My Cold Truth: Samin Saadat

To celebrate the launch of our Two Truths And A Lie game, we spoke to filmmaker and former refugee Samin about his two truths, a lie and how his life experiences positioned him to achieve his dreams.


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© Samin Saadat

My two truths… 

  • My family were forced to flee Iran in 1998.
  • I’m a filmmaker and have produced music videos for artists like YungBlud.  

And a lie…  

  • Being a refugee made me less able to achieve my dreams. 

I left Iran at the age of eight with nothing. But I was always determined to follow my dreams and have now built myself a new life, a family and a successful career in film.  

I was born in Tehran in 1990. My family follow the Baháʼí Faith and people like us have always been persecuted in Iran. We’re often physically abused and shunned by the rest of society. We’re even banned from higher education.  

My mum didn’t want this life for her children. She dreamed that my brother and I would go to university and make something of ourselves. So in 1998, when I was just eight years old, my family left Tehran and sought asylum in neighbouring Turkey.  

We were lucky to have family friends over there and managed to register with the UN. But we still had to move from place to place all the time – often sleeping in cramped, uncomfortable conditions and relying on the kindness of strangers.  

I remember arriving in one town very late at night, not knowing a single person there. My mum went to a police station and asked if they knew any Baháʼí families. After a few hours of waiting, a local family arrived and were good enough to take us into their own home. They looked after us until we could find a place of our own and I’ll never forget how generous they were to us.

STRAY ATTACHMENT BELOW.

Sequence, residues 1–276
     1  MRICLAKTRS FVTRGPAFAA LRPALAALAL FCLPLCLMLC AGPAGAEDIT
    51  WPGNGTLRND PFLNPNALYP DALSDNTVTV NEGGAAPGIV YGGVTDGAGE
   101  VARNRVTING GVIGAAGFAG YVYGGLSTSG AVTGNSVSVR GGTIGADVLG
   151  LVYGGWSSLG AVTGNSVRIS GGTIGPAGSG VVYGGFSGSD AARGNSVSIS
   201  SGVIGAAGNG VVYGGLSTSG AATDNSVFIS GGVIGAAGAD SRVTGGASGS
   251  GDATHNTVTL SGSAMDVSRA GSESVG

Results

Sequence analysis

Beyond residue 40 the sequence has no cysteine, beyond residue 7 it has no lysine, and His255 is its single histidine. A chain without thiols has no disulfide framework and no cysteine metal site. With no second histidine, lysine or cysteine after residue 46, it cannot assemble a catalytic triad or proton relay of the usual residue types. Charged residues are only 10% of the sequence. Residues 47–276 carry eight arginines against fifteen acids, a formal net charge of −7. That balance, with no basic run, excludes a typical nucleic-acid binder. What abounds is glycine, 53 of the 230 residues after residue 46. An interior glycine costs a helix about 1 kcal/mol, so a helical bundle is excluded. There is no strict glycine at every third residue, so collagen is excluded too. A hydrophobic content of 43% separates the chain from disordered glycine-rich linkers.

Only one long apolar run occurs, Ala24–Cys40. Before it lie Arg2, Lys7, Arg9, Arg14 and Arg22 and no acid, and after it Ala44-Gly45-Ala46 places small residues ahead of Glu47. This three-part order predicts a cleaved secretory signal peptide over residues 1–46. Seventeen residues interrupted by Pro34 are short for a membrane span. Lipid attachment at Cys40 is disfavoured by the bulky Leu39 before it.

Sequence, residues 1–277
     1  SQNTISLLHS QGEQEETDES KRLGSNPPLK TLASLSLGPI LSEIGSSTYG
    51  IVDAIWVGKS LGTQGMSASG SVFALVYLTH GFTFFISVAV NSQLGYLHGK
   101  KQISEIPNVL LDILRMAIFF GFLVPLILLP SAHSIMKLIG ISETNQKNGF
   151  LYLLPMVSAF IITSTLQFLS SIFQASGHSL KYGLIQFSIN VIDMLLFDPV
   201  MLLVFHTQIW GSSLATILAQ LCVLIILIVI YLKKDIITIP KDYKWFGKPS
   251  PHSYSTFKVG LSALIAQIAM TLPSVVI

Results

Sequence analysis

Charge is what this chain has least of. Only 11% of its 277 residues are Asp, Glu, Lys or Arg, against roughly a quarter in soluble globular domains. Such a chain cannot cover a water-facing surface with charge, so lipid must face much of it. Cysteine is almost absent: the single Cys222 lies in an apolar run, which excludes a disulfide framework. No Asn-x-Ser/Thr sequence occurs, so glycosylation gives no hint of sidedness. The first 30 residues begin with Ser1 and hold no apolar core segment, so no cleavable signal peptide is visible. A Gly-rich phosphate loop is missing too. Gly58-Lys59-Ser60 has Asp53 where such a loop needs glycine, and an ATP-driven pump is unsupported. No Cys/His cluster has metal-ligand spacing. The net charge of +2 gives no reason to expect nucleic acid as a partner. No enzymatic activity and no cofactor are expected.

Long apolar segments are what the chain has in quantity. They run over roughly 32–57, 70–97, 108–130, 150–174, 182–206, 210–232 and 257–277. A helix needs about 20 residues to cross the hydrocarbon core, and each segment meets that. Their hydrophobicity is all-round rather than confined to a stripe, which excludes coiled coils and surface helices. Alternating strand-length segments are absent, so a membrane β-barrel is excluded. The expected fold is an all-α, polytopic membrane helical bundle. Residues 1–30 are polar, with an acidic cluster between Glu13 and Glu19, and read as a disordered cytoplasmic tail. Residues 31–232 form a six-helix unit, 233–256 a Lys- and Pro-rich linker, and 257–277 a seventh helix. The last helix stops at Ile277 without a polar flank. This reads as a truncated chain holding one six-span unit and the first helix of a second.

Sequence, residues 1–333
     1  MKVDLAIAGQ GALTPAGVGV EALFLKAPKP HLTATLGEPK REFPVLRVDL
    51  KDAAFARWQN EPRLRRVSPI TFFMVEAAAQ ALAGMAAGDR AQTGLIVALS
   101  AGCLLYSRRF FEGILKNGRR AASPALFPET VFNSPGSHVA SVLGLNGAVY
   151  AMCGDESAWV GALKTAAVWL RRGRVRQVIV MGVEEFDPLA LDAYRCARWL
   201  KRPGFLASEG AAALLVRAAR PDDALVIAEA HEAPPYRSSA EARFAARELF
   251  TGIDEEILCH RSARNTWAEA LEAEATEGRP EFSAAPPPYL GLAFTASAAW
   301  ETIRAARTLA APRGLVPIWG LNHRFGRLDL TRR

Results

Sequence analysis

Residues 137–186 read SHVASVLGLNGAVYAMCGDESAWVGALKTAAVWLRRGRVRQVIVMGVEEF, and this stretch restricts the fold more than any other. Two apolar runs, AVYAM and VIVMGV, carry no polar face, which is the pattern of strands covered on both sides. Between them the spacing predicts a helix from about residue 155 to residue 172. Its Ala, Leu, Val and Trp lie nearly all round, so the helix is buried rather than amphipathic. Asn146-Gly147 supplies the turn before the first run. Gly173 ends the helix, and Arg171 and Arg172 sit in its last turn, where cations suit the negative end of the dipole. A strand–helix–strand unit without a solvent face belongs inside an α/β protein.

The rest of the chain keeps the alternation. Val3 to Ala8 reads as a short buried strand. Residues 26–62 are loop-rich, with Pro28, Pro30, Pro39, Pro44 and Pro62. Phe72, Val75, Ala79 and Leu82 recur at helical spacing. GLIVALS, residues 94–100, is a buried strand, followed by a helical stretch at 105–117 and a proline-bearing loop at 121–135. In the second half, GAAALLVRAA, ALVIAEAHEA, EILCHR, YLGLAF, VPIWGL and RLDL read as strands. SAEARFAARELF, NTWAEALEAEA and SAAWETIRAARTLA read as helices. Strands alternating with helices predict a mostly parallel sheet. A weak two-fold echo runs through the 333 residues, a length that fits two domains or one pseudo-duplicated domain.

After nearly two years in Turkey, we were resettled in the UK through UNHCR. Living in Essex, I was finally able to go to school again. But things were tough for me – the other kids would bully me or shout ‘You’re a refugee!’, like it was an insult. I didn’t get much support from the teachers either.  

Before long, I began to feel like a total outcast. This feeling ate into me and made me ashamed of my own culture. If I wanted to fit in, I felt I had no choice but to disown my heritage and disconnect from everything to do with Iran.  

Yet despite all the bullying, I did well at school and won myself a place at university. I never forgot how lucky I was to be getting an education and didn’t want to squander my opportunities after all my family had been through.  

I ended up graduating with a first-class degree in filmmaking and started working for companies like the BBC, ITV and Channel 4. Slowly, I progressed into more senior roles, producing short films, commercials for brands like Red Bull, and music videos for artists like YungBlud, B Young and Lang Lang.

But after a conversation with my wife during lockdown, I started on a different path. She said to me, “I think you need to stop helping other people tell their stories and start to tell your own.” 

“I never forgot how lucky I was to be getting an education and didn’t want to squander my opportunities after all my family had been through.”

Inspired by her words, I began a journey to rediscover my identity – an identity I had hidden away for so long. I’d spent much of my life distancing myself from my culture and disliking everything it stood for. But now, I’m determined to reclaim It. I want to shout about being a refugee and show that people like me can still achieve their goals and dreams. 

To me, refugees shouldn’t be dismissed for what they are, but celebrated for what’s within them. That’s why I’ve written two short films that tackle the perception of race and culture within society. And I can’t wait to get them out into the world – it feels great to be reconnecting with my heritage, rediscovering who I am and proving that refugees like me can go on to achieve their dreams.  


To read more stories like Samin’s, please visit this page.

Click here to play our ‘2 Two Truths and a Lie’ game. 


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